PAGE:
The social mechanisms approach to the social sciences aligns well with two key intellectual practices, experiments and policies. In an experiment we are interesting in testing whether a given factor has the effect it is thought to have. In a policy design we are interested in affecting an outcome of interest by manipulating some of the background conditions and factors. In both instances having a theory of the mechanisms in play in a domain permits us to frame our thinking better when it comes to designing experiments and policies.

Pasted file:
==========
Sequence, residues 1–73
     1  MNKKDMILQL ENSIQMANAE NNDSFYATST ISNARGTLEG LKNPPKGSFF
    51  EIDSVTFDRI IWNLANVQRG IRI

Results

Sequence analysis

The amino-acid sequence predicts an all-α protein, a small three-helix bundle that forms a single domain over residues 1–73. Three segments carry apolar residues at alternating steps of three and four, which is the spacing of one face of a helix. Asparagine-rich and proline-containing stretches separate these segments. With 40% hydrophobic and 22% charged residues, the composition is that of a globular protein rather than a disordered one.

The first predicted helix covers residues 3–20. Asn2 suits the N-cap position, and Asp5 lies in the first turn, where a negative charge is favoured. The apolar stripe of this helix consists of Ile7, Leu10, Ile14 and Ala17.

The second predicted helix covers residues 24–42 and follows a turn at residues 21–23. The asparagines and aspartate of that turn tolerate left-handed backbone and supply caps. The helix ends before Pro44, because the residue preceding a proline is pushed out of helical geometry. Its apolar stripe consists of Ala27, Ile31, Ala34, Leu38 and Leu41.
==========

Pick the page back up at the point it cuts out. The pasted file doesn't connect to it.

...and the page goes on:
Let's say that we are interested in reducing the high school dropout rate in a high-poverty school. We may have a hypothesis that one important causal factor that leads to a higher likelihood of dropping out is that high-poverty students have a much greater burden of family and social problems than students in low-poverty populations. We might describe the mechanism in question in these terms: